Vonnegut's Cat's Cradle
I believe that Vonnegut uses Cat's Cradle as an allegorical tale about what will happen to the world if we are not careful with technology that has the ability to end life on this planet. He points out one of the qualities of humanity; that people make mistakes, thus poisoning our minds and encouraging a better world.
One of the obvious ways that Vonnegut uses this book to "encourage a better world" would be by showing that the end of world may come from an accidental release of technology. At the time when this book was written, nuclear war seemed to be an almost certainty. If we look at the number of bomb shelters being built and drills being conducted in classrooms during the late fifties and early sixties we would see evidence of that would point to the overall feeling in American society that the end was near. The nuclear genie was safely contained by the super powers. But I think that Vonnegut saw that all it would take was one small country; who possessed end of the world technology, to have an accident and it would spell the doom of mankind.
Vonnegut writes, when speaking of ice-nine, that "apparently the United States of America and Union of Soviet Socialist Republic had it....understandably surrounded by electrified fences and homicidal German shepards" (Chapt. 110). I believe that he was pointing out that the super powers of the world who have end of the world technology keep it very well guarded against theft or accident. However, ice-nine was also in the possession of Papa. All it takes is one suicidal leader and one accident by the San Lorenzo airforce to release ice-nine into the world, resulting in the end of the planet. Vonnegut seems to be demonstrating that although nuclear weapons are well cared for by the super powers, the technology is available to people who may not be so careful with it.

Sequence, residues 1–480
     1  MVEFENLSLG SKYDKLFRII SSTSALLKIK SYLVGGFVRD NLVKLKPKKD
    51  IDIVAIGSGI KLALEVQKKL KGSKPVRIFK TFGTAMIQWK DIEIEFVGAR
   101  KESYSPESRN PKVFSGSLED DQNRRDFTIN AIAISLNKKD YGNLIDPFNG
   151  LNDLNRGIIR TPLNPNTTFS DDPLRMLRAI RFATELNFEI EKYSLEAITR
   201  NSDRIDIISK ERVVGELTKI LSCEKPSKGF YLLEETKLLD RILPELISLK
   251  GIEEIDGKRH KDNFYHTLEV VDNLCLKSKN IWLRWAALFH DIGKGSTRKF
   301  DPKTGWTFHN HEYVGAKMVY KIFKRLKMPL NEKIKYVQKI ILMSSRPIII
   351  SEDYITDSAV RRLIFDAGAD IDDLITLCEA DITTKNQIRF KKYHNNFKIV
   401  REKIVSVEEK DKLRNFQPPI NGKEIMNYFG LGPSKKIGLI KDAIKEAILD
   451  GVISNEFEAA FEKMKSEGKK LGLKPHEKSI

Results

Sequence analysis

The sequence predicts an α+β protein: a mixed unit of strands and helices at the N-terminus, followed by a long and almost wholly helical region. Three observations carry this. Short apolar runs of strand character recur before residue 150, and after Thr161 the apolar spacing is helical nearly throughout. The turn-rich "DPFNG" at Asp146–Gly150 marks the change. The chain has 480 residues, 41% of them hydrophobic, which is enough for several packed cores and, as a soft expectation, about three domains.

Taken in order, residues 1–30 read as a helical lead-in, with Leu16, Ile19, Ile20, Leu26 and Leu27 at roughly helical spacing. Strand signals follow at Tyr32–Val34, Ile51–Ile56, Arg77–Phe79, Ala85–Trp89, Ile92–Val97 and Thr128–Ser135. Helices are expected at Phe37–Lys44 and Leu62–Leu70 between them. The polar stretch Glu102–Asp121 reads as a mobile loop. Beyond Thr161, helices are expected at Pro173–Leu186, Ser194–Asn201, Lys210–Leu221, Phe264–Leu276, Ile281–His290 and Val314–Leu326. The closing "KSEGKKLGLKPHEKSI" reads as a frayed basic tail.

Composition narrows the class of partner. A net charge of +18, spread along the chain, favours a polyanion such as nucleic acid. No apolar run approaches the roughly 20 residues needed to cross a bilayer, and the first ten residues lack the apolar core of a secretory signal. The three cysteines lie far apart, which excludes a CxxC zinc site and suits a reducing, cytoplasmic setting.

So, by using this little analogy of ice-nine to nuclear power, I believe Vonnegut encourages the reader to try to make the world a better place. Vonnegut takes us through an imaginary look at the end of the world. His apocalyptic vision is littered with examples of the hypocrisy that exist in San Lorenzo and he uses this give us a satirical look at life in America. He points out to the reader that human beings make mistakes and that technology exists that may make one of these mistakes the one that ends the world.
The very first words that I would use to describe Cat's Cradle are surrealistic and black comedy. Reading this book is somewhat like running through a Dali landscape. You can tell that things are not quite right, but it's just a little too blurry to tell why. This feeling is demonstrated beautifully in Cat's Cradle. Vonnegut has this amazing talent to slightly smudge the line between "reality" and fantasy, and Cat's Cradle certainly demonstrates that. He takes rather "normal" things, puts them in a blender, mixes them up and POOF! you have a world that, for some strange reason, makes...